When your inkjet has a blocked nozzle, you’ll see faint white lines on your print lying parallel to the direction of the print head, or your print will have an unexpected colour cast (see above). In your printer software utility, run a head-cleaning routine to see if this solves the problem. Using cotton or textured inkjet papers often creates nozzle blocks and these can take a couple of runs of the cleaning routine to clear.
Always print the test sheet to see if the blockage has cleared. Many new inkjets have by default an auto head-cleaning routine that starts each time you switch your printer on – switch this option off, as over time it will waste an enormous amount of ink. White dots on a print running perpendicular to the print head are a sign of head-alignment issues and can be caused after printing with thicker paper or card. Use the utility again and run the printer-head alignment routine to get it back into position.
Neutral b&w prints are best made from RGB files together with print profiles
Colour casts in black & white prints can be caused by many things, including not using a print profile and blocked printer nozzles. For the best results, keep your image in RGB mode and avoid printing black & white inkjets using just the black inks, as this reduces fine detail. Alternatively, try the online Ilford Lab service. Ilford Lab prints onto resin-coated silver gelatin paper, rather than colour C-type paper, creating neutral and colour cast-free prints.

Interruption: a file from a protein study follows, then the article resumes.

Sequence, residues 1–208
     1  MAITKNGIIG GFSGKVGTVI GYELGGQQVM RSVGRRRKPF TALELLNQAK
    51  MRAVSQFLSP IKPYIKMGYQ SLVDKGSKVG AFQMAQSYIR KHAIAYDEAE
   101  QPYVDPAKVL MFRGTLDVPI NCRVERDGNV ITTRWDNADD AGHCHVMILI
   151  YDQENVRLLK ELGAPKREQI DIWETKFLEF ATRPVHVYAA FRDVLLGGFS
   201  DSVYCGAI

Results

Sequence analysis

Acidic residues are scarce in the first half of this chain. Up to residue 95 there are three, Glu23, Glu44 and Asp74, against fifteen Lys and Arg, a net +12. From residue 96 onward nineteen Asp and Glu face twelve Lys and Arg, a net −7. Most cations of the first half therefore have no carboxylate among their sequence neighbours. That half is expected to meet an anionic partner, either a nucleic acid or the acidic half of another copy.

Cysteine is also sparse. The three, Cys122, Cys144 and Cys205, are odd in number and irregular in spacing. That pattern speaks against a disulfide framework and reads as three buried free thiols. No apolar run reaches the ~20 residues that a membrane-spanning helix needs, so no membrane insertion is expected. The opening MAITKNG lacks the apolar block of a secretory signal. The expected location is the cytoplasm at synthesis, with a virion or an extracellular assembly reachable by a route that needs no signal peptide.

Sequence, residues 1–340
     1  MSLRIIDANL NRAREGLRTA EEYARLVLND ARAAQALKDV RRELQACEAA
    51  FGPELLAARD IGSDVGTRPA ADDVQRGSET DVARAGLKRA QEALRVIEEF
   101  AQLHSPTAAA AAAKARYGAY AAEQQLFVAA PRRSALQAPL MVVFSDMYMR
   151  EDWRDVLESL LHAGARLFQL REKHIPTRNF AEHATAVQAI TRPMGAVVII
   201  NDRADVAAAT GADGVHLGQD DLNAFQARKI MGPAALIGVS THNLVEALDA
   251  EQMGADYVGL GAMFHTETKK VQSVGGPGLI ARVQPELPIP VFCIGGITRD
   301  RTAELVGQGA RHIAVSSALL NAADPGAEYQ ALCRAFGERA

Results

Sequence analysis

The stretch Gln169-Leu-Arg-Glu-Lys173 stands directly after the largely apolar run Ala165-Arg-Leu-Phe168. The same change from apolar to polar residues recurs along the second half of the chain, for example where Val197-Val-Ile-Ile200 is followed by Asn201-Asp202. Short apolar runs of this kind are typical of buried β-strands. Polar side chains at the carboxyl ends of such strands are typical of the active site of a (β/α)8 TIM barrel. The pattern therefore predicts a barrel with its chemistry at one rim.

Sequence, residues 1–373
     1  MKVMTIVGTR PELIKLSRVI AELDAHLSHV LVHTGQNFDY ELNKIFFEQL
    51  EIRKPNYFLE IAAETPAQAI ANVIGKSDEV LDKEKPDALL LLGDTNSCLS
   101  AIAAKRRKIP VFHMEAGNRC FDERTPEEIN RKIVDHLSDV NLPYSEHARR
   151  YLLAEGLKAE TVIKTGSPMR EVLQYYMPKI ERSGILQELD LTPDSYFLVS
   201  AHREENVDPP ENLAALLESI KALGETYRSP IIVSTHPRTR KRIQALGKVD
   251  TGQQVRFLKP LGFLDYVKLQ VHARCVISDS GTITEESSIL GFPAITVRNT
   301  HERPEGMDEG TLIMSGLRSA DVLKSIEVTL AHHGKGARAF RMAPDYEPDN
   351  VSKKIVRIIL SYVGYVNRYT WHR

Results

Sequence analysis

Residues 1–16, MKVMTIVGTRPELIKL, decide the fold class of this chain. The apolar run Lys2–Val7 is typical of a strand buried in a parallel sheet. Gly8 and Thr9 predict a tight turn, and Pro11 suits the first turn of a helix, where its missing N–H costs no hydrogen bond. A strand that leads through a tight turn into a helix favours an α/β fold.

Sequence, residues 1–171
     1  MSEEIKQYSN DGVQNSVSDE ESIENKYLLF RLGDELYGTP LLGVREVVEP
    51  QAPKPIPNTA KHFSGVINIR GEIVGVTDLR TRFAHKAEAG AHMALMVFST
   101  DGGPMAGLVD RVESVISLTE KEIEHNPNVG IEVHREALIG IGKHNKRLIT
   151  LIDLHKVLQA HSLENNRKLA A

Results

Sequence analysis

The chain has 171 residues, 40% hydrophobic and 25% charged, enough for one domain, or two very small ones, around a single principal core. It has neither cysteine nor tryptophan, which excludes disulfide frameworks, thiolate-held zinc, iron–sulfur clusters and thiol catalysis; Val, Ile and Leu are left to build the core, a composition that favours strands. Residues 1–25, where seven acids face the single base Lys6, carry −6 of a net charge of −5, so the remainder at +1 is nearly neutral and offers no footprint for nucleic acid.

Currently, there are 16 colours employed in the world of inkjet printing. In addition to the standard CMYK and their lighter versions, recent innovations have introduced red, green, orange and blue. Prosumer inkjets are based on an eight-colour set, which includes three strengths of black, but the latest high-dynamic-range printers use an inkset that includes green and orange. These extra colours really extend the gamut of the device. There are three price tiers to consider: an A4 all-in-one with separate inks (try the Canon Pixma MX925, £110), an A3+ professional inkjet with nine pigment inks (try the Epson SureColor SC-P600, £500), or an A2 proofer style (try the Epson Stylus Pro 4900, £1400, with 11 pigment inks). The images above show the gamut warning for a saturated image made using a mid-range printer (right) and a top-of-the-range printer (left). More inks mean less lost colour.
C-types are fast with excellent quality, and are the cheapest way to make volume prints
Many people prefer to print digital C-types as they offer great dynamic range, rich colour saturation and fine resolution. There’s also the added benefit of chemical permanence. Digital C-types are made up to 12in wide on mini-lab systems such as the Frontier or Noritsu, and larger prints on Chromega or Lightjet systems. Most C-type printing services can be accessed online with prints returned in the post. Just like inkjet paper profiles, chemically processed C-types have their own print profiles. Professional labs such as ThePrintSpace provide free bespoke print profiles for all their different C-type papers that you can download and use in your workflow.
Ilford Lab Direct www.ilfordlab.com
Peak Imaging www.peak-imaging.com
DS Colour Labs www.dscolourlabs.co.uk
Tim Daly is a photographer, teacher and author who has contributed to most UK photography magazines over the past 15 years. He has written numerous books on digital production, printing and the creation of photobooks, and currently teaches photography at the University of Chester, and for the RPS in Bath. To find out more, visit www.timdaly.com.